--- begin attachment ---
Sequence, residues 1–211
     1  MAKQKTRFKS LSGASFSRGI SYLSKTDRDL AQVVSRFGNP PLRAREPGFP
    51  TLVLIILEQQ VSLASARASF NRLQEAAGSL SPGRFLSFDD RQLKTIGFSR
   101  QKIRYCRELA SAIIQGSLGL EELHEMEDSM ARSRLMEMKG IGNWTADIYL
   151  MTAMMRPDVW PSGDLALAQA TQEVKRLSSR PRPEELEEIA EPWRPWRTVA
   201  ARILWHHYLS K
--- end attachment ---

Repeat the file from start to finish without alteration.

Sequence, residues 1–211
     1  MAKQKTRFKS LSGASFSRGI SYLSKTDRDL AQVVSRFGNP PLRAREPGFP
    51  TLVLIILEQQ VSLASARASF NRLQEAAGSL SPGRFLSFDD RQLKTIGFSR
   101  QKIRYCRELA SAIIQGSLGL EELHEMEDSM ARSRLMEMKG IGNWTADIYL
   151  MTAMMRPDVW PSGDLALAQA TQEVKRLSSR PRPEELEEIA EPWRPWRTVA
   201  ARILWHHYLS K